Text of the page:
On Friday afternoon in D.C., blocks from where President Trump was inaugurated, somebody ran up to Richard Spencer and punched him in the face. It’s a face you probably know: Spencer has become the most visible member of a small group of self-proclaimed white nationalists who believe the Trump presidency will help them mainstream their ideology, which has the ultimate goal of creating a whites-only “ethno-state.”
He’s the guy who takes credit for coining the term “alt-right,” and was the subject of several major profiles in mainstream outlets before and after November. After the election of Donald Trump, he became particularly infamous for exclaiming “Hail victory!” — the English translation of “Seig Heil!” at a celebratory event for self-identified members of the “alt-right.”
At the moment he was punched, Spencer was talking on camera about the pin on his lapel depicting Pepe the Frog, a cartoon amphibian that white nationalists co-opted during the campaign for their own memeing needs. Then, the punching video was released onto the Internet, where it was its destiny to become a meme itself in a bunch of circles within Liberal Twitter.
The meme even became an ethical question (“Is it okay to punch a Nazi?”), and a virtual bounty hunt for the guy who did the punching. Here’s a step-by-step guide to how arguably the first major meme of 2017 ended up being a video of Spencer being punched in the face.
Step 1: Spencer gets punched in the face
Spencer was giving interviews around the corner from a bunch of protesters at about 2:30 p.m. on Friday, when a masked man ran up to him and punched him.
Among the people interviewing him at the time: Zoe Daniel, the Washington bureau chief for the Australian outlet ABC, who said that the punch was actually the second time Spencer was punched that day. Daniel saw the first punch, and she said that she “moved across to ask him what he was doing at the protest and to get his reaction to being punched by a random stranger.” As they were talking to him, he was punched again.
Up close, Daniel said, it was a “pretty nasty moment.”
Spencer himself tweeted about it shortly after.
Step 2: Captain America
With little visual evidence of the actual moment, some Twitter users dig a famous drawing of a Nazi punched in the face:
For what it’s worth, Spencer prefers not to use the term “Nazi” to describe himself. At this point, the meme is starting to crystallize around the idea of a “Nazi punch,” a la Captain America.
Step 3: “meme to end all memes”
A couple hours after it happens, Spencer hops on Periscope to talk to his followers. In the broadcast, he says he worries that the video of the punch is going to become the “meme to end all memes” and that he’s going to “hate” watching it.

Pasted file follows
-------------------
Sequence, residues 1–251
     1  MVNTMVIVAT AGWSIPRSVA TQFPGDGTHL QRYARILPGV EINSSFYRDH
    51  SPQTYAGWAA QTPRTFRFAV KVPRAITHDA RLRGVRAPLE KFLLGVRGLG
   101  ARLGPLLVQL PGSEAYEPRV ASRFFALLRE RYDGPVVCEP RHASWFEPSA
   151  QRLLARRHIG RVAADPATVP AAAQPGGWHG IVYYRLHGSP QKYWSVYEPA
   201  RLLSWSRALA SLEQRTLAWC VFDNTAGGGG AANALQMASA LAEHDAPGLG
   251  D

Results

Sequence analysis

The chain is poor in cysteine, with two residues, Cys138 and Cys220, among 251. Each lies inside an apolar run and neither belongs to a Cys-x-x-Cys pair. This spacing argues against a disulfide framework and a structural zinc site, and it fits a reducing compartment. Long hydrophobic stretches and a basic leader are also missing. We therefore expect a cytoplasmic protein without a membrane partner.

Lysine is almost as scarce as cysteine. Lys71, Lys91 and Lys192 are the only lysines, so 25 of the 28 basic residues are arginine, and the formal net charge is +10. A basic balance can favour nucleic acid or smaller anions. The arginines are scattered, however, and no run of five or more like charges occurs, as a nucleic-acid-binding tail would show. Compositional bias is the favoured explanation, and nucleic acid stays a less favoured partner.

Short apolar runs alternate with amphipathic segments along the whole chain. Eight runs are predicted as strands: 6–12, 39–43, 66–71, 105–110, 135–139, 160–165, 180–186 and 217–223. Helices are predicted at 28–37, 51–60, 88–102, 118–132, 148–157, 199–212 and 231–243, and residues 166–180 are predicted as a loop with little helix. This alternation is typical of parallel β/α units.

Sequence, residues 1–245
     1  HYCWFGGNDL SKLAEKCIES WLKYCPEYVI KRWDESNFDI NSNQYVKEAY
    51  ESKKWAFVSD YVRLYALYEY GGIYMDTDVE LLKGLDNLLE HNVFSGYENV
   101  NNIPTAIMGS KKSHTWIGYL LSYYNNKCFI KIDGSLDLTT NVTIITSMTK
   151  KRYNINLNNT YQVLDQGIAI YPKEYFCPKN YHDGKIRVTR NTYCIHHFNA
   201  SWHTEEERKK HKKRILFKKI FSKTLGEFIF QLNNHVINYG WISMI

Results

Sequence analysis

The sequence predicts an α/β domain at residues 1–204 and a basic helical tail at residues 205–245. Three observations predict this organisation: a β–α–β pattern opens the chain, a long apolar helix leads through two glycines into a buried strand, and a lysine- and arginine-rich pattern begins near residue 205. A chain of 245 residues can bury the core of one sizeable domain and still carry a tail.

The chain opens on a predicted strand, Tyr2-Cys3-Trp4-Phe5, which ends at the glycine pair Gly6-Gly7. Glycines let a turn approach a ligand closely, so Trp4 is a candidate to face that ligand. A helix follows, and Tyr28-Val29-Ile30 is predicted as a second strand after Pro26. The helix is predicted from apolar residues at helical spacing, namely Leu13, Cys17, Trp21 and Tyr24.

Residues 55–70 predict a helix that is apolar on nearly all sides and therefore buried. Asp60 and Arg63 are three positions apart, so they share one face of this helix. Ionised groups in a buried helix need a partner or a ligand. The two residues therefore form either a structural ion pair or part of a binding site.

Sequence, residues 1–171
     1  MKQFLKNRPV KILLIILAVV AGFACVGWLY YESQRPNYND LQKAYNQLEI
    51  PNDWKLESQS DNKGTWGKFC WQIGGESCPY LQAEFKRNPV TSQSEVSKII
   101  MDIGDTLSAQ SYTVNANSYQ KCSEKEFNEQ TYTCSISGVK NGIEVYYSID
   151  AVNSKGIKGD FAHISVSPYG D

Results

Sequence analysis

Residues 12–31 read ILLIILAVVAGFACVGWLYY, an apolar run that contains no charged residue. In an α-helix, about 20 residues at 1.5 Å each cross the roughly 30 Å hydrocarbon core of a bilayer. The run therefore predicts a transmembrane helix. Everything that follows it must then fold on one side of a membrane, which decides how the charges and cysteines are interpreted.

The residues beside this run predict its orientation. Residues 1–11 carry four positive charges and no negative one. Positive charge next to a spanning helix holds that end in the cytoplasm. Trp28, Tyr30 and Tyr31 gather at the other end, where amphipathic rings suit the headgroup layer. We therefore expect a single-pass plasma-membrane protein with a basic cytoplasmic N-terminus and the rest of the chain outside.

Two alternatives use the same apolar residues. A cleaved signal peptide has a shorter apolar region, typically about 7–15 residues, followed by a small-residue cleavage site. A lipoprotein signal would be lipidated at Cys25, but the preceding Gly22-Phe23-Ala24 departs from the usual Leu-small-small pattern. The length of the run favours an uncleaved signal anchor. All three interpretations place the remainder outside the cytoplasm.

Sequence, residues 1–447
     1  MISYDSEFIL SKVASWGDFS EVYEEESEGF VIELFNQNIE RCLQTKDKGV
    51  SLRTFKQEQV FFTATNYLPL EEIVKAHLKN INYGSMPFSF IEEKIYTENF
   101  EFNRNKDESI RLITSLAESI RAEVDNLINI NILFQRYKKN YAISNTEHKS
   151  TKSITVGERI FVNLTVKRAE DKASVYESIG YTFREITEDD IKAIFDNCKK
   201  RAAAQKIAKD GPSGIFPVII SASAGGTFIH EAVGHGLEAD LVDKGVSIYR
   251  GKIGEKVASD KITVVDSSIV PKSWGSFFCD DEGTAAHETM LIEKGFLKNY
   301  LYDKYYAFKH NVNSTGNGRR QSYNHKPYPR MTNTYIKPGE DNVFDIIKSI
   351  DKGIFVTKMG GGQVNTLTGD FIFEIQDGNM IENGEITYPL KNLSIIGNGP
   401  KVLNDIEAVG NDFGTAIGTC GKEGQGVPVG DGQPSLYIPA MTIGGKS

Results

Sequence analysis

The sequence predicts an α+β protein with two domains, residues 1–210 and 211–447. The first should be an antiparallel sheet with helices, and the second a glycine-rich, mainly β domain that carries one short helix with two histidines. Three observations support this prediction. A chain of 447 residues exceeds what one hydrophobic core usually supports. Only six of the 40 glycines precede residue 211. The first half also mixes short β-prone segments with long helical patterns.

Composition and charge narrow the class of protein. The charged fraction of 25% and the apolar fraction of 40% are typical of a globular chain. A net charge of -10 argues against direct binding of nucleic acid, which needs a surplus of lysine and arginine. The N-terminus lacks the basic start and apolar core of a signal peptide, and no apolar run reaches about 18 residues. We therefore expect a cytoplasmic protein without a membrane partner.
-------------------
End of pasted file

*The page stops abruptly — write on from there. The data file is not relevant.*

“I did take a punch, he didn’t knock me out, he didn’t knock me down,” Spencer said. He also added that after he was punched the second time, someone spat on him.
Step 4: The video
The video of Spencer getting punched (filmed by ABC) emerges. Fair warning, you can hear some offensive language in this video, and as the rest of this article should have made clear, it also includes imagery of someone being punched in the head.
Step five: The meme
Pretty soon after the video goes live, people start a) talking about how they can’t get enough of watching Spencer getting punched in the face, and b) putting the original video to music.
Step six: The backlash to the meme.
A meme about punching a Nazi in the face will, among people who are not Nazis, raise the inevitable question: Is it actually okay to punch a Nazi in the face? Alternatively, is it actually okay to watch it? Some said no. Nick Spencer (presumably of no relation to Richard Spencer) who writes the Captain America comic book was among them.
Another person who actually witnessed the punch (and who doesn’t appear to be a supporter of Richard Spencer) followed the guy who did it and tried to confront him. It wasn’t productive, but it was captured on video:
The Australian journalist who witnessed the attack also noted the tension between the joy some were getting out of watching a figure like Spencer get punched in the face and the broader questions it raises about whether violence has a role in political resistance. Daniel, the journalist, told BuzzFeed that the whole thing “has provoked a bigger debate about what is okay because people are obviously trying to justify the fact he was hit on the basis of the sort of person he is and the beliefs he holds.”
Later, the celebrities got involved.
This article has a pretty good rundown of what happened next: Silverman got into an extended debate about the ethics of punching a white supremacist, during which it appeared that she wasn’t fully aware who Spencer was when she initially condemned the violent response to his beliefs.
Step seven: The meme grows stronger
Someone made a Twitter handle devoted to remixing the punch with songs, and comedian Tim Heidecker composed an entire song about it.
Step eight: Profit
WeSearchr, a bounty-hunting as journalism site run by perennial troll Chuck Johnson, put out a “bounty” to identify the person who punched Spencer. Identifying the white nationalist as a “conservative, pro-Trump activist,” the site raised a few thousand dollars.
[Update: it appears that WeSearchr has now been suspended from Twitter]
Meanwhile, someone launched a now-deleted GoFundMe campaign that may or may not have been a troll, which urged liberals to “go high” and donate funds to help Spencer.
And eventually the punch moved from off the Internet and into the world. Now it is a T-shirt you can buy (although its creator says the proceeds are going to the ACLU. Also: language warning at the link).